George, Alec, Grayce … your parents are incredibly proud of you. It’s not easy growing up as a military child … and we recognize the unique challenges and experiences you’ve had while you’ve supported your dad’s career. Thank you for your sacrifice … and for your service … not just as members of the Stamatopoulos family … but as members of our greater Navy family as well.
Now … there’s one more person I’m proud to recognize … Alainie. What an extraordinary mother and partner you’ve been throughout Pete’s Navy journey.
Alainie is absolutely incredible. People who know her well describe her as one of the most genuine … kind … and caring people you’ll ever meet. And the moment you meet her … you know it’s true.
Throughout her life … she has been an avid equestrian and dressage competitor … a teacher for “at risk” kids … a highly successful fundraiser … a sports medicine trainer … and a founder of a thriving non-profit.
But if you ask Alainie … she’ll tell you that the most important thing in her life is their children … and raising them has been her “biggest passion and her greatest accomplishment.”
Alainie also describes how … in over 28 years of marriage … living overseas in Bahrain … and through countless moves around the country … the Stamatopoulos family has only grown closer together. As she says, “military families support each other and we stick together; WE ARE STRONG!”
Alainie … you have been that source of strength for your family. On behalf of a grateful Navy and a grateful Nation … thank you for your service and sacrifice.
It is difficult to say farewell to such an extraordinary family and such a transformational leader.
When an organization undergoes the kind of culture change it has under Pete’s direction … it’s important to make the transition … and pick the right leader to continue Pete’s groundbreaking work.
Ladies and gentlemen … we are incredibly fortunate to have exactly the right leader in Admiral Ken Epps. There is simply no one better suited to lead NAVSUP now.
Prior to this assignment … as the Commander of Weapons Systems Support command … Ken led what we call the “foundry for force generation, sustainment, and readiness.” He understands the intricacies of the Navy supply chain … and he knows precisely what it will take to lead NAVSUP.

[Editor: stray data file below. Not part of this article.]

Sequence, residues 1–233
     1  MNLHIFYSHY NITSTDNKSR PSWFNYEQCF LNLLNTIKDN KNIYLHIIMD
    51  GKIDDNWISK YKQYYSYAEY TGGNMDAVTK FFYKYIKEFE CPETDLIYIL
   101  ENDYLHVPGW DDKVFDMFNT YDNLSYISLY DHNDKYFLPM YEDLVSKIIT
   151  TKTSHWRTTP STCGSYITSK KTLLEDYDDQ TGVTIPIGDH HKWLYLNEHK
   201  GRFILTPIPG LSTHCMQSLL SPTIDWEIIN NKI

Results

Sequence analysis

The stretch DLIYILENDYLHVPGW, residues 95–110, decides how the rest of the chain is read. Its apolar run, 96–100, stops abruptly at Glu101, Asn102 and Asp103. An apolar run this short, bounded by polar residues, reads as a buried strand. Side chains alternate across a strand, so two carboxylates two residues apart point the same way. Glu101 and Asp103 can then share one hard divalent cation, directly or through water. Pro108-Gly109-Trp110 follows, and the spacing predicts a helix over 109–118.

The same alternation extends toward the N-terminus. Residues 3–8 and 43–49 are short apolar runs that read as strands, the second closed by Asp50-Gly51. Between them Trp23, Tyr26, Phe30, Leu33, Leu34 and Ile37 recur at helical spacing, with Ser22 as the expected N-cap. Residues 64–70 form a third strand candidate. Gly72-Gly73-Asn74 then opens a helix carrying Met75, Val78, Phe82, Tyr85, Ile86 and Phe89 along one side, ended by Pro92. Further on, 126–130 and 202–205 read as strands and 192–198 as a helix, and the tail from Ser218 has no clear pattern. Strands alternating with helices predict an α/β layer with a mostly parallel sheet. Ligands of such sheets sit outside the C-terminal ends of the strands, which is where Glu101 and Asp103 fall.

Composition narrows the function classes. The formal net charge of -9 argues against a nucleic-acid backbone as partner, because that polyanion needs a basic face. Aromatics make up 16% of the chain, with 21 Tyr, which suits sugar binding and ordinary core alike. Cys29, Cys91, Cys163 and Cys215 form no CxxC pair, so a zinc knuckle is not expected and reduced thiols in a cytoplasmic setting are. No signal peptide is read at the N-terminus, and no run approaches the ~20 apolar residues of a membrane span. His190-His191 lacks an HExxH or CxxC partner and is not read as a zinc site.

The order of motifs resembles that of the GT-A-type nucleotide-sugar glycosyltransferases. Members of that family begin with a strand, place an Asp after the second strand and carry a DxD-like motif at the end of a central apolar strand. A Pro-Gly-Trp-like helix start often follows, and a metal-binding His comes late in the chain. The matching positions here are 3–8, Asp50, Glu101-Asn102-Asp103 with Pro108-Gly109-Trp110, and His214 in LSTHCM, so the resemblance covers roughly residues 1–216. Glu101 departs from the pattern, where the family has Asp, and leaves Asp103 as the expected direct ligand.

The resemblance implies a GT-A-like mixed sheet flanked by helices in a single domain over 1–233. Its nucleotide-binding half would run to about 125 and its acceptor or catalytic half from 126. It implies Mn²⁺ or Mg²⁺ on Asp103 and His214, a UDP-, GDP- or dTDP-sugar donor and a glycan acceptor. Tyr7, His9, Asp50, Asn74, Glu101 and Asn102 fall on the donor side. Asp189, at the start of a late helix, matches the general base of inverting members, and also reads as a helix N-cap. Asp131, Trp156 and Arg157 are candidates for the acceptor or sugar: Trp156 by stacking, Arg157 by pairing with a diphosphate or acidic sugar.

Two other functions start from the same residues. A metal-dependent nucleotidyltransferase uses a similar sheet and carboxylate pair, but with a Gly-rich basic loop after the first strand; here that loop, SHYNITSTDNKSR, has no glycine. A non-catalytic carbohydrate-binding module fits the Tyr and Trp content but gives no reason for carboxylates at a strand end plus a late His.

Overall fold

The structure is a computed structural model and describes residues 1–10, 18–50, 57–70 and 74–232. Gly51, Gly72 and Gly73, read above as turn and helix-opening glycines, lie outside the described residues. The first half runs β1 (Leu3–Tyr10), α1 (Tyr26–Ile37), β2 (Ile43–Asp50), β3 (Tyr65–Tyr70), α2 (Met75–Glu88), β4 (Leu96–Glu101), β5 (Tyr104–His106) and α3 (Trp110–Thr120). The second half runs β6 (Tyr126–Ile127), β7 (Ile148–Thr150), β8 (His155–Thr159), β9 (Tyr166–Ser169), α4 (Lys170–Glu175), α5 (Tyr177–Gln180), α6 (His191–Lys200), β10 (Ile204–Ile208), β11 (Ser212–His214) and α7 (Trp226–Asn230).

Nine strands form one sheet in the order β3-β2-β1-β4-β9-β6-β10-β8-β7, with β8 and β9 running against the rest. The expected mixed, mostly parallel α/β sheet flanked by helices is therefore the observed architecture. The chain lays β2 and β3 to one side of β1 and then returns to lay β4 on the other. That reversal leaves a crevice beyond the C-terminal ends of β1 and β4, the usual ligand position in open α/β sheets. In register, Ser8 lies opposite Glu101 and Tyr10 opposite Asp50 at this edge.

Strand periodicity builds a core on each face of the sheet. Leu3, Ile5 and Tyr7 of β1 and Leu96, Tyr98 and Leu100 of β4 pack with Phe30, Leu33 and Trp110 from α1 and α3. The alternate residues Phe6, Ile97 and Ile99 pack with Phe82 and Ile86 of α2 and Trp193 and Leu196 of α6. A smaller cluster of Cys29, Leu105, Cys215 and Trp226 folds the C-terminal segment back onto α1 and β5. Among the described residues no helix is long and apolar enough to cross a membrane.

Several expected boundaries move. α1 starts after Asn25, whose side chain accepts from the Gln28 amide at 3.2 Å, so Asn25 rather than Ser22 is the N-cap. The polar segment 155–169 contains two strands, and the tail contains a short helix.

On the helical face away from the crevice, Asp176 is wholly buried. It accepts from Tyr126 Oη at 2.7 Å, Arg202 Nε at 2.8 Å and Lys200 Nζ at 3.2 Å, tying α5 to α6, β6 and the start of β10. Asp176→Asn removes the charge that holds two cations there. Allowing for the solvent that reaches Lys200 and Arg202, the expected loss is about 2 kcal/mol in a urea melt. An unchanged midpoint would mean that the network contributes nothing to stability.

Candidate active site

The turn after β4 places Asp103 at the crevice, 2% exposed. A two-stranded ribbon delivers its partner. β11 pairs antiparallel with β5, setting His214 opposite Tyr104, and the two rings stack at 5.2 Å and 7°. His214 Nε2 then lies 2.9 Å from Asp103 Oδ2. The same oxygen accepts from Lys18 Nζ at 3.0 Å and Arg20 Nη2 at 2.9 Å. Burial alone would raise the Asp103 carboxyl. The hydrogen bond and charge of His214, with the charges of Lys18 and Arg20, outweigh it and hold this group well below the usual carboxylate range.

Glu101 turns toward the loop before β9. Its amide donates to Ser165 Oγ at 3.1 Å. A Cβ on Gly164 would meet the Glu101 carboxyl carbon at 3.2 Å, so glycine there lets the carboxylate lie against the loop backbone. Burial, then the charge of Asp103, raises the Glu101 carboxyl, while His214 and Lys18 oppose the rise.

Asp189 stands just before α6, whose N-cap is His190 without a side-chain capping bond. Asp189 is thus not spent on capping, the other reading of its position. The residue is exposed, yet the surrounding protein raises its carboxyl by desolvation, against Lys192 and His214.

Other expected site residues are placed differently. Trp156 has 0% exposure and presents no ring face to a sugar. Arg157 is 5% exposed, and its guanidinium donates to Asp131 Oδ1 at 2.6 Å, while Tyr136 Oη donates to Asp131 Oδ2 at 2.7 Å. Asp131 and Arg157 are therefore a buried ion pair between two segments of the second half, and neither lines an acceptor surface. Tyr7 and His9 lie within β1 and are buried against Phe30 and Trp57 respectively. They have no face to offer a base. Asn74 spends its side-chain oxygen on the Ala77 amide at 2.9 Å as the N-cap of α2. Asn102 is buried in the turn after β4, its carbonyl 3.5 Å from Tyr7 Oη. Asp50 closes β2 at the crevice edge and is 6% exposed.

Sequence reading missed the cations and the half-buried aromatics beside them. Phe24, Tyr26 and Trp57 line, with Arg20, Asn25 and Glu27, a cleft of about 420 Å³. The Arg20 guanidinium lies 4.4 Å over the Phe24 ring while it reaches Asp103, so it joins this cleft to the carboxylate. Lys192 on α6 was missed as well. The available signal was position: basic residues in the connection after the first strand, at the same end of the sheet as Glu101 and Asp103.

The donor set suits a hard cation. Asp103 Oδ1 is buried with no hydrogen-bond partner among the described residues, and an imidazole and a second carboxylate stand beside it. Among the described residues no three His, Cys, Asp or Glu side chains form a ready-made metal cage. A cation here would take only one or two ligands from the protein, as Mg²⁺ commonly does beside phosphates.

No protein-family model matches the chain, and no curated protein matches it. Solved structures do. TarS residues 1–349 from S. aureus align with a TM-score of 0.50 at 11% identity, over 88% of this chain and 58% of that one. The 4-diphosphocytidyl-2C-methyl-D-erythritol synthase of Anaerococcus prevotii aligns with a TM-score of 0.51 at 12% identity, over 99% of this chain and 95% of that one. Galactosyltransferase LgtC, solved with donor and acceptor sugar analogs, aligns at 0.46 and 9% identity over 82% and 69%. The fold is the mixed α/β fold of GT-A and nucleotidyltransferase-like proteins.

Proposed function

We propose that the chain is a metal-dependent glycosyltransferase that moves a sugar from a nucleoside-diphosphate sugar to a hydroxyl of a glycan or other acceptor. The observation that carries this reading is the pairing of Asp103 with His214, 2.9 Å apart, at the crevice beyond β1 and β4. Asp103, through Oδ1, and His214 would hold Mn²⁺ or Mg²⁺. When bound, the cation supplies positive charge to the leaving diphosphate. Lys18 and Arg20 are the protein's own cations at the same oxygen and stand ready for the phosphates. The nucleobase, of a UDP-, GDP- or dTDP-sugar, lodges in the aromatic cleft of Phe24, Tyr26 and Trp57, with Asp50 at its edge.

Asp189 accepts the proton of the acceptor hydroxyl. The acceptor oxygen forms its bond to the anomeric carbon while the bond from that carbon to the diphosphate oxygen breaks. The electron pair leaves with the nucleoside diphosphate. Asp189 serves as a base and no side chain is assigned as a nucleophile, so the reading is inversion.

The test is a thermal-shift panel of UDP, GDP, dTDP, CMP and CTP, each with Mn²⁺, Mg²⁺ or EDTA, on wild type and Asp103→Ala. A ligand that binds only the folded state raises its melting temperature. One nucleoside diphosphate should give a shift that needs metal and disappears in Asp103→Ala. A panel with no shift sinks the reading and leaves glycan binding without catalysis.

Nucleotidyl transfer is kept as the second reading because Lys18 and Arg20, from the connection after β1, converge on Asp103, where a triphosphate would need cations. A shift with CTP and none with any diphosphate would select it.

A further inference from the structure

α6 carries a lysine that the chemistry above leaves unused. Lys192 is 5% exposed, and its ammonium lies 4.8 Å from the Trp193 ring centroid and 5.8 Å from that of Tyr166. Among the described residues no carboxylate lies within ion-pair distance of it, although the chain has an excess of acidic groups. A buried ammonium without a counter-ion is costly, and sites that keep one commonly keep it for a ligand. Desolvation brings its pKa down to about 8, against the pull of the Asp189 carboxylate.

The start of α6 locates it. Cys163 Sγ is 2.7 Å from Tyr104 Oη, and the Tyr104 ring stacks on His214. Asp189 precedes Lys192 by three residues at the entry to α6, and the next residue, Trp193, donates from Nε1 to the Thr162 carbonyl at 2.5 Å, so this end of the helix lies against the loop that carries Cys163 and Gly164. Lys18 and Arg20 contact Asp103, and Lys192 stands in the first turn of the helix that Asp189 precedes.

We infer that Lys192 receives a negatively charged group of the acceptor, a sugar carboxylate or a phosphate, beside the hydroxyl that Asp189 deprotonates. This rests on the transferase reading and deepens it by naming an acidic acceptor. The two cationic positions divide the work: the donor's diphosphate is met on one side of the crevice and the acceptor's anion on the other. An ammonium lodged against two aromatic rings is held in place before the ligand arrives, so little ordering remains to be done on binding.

Throughout his career … he has established a reputation as someone with a seemingly endless capacity to process vast amounts of information … rapidly align action across the entire enterprise … and drive meaningful results.
Perhaps above all … Ken is a consummate team builder. As those closest to him will testify … his currency is connections.
He fosters relationships with people to mentor and inspire them … and to collaborate with them in solving even the toughest readiness and sustainment challenges.
Ken congratulations on your assumption of command today … and on becoming the 50th Chief of the Supply Corps. You have earned the admiration of this community … and you have earned the Navy’s trust and confidence. Continue the work that Pete started. Make us more combat ready. Lead with character and with competency for the high-end fight. And keep integrity as the foundation of this command.
Ladies and Gentlemen … in closing … the standard for all commanding officers and others in authority is written in law. They are required to demonstrate exemplary conduct ... to safeguard the morale … the physical well-being … and the general welfare of those under their charge.
And they are expected to be the example of virtue, honor, and patriotism. We have been fortunate to have such an example in Pete Stamatopoulos.
Pete … may God bless you … your family … our Navy … and our many voyages to come.
Thank you all very much.
Adm. Mike Gilday
27 June 2023